We reported recently that the posterior pituitary hormone oxytocin (OT) thought primarily to regulate lactation and social bonding is anabolic to the skeleton. Heterozygote mice with circulating OT reduced to half that of wild type mice showed no lactation defect, but instead displayed severe osteopenia and reduced bone formation. Bone resorption remained unaffected, likely due to the opposing actions of OT on osteoclast formation and function. Together the data suggest that the bone forming action of OT is dominant, and perhaps more ancient than its effect on the breast. Expectedly, OT injected into wild type mice increased bone mass by enhancing osteoblastogenesis, whereas in stromal cell cultures, it stimulated mineralized colony formation. Furthermore, we found recently that bone marrow osteoblasts not only possess abundant OT receptors (Oxtrs), but also produce OT. This means that an autocrine OT circuit in marrow could potentially amplify the bone forming action of injected OT. We hypothesize that OT is an anabolic bone hormone, and that its action is mediated through an osteoblast Oxtr, which when stimulated by OT, produces OT locally in an autocrine loop.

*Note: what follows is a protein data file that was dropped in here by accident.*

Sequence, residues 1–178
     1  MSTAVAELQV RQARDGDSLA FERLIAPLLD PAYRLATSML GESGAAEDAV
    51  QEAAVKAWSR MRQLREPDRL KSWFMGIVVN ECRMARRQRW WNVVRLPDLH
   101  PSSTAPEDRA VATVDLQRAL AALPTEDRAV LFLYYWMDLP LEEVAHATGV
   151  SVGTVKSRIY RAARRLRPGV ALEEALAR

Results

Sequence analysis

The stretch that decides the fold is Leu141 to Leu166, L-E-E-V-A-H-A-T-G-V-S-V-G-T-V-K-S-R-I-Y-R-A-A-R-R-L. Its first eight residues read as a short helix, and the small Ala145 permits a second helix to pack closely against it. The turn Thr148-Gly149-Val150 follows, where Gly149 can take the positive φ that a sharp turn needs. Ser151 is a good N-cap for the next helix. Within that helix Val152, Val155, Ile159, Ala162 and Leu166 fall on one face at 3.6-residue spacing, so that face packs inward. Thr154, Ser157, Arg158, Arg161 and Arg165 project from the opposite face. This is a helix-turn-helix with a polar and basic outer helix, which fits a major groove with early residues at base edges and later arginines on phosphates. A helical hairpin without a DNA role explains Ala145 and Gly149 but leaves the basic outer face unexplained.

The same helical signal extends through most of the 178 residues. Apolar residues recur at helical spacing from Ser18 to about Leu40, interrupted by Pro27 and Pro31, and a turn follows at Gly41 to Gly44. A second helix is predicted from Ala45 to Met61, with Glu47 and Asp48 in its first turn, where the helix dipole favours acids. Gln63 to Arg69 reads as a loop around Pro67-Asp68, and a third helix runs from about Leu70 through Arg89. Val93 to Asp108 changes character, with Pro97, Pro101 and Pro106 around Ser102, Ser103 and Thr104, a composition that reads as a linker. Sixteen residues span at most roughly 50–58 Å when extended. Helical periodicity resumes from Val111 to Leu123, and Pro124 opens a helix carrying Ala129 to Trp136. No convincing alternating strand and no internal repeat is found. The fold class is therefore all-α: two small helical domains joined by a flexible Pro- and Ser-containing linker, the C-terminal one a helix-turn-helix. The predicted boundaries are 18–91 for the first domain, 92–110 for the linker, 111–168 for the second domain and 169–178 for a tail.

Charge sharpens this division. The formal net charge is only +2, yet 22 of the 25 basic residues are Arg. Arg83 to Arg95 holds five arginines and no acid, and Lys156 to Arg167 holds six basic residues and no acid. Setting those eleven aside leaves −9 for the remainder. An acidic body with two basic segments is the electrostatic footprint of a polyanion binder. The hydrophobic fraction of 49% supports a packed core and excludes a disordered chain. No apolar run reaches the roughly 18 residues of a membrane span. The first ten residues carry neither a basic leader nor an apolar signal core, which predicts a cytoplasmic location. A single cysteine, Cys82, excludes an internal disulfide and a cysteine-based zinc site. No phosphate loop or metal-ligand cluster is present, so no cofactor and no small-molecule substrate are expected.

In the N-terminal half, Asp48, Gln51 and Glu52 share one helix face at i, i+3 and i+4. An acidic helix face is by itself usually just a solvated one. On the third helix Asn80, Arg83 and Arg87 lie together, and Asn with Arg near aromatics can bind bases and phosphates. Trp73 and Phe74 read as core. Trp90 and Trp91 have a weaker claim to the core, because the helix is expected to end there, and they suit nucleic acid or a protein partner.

In Specific Aim 1, we will investigate whether injected OT can restore the lost bone in aging and hypogonadal mice.
In Specific Aim 2, we will elucidate, through cell-selective genetic ablation of the Oxtr, whether osteoblasts, osteoclasts or both cells participate in the action of OT.
In Specific Aim 3, we will determine whether marrow OT is required for the bone forming action of injected OT using OT-/- mice and bone marrow transplantation. Our studies should help establish OT and Oxtrs as potential targets for treating human osteoporosis.

Public Health Relevance

Osteoporosis affects at least 50 million Americans who suffer from around 2.4 million debilitating fractures each year resulting in an overall expense of ~$18 billion. The present proposal underpins our more recent finding that a pituitary hormone, oxytocin (OT), regulates skeletal integrity. We will utilize a complement of pharmacological and mouse genetic studies to determine whether OT or its receptor can be leveraged to treat osteoporosis.

National Institute of Health (NIH)
National Institute on Aging (NIA)
Research Project (R01)
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Special Emphasis Panel (ZAG1)
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Williams, John
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Icahn School of Medicine at Mount Sinai
Internal Medicine/Medicine
Schools of Medicine
New York
United States
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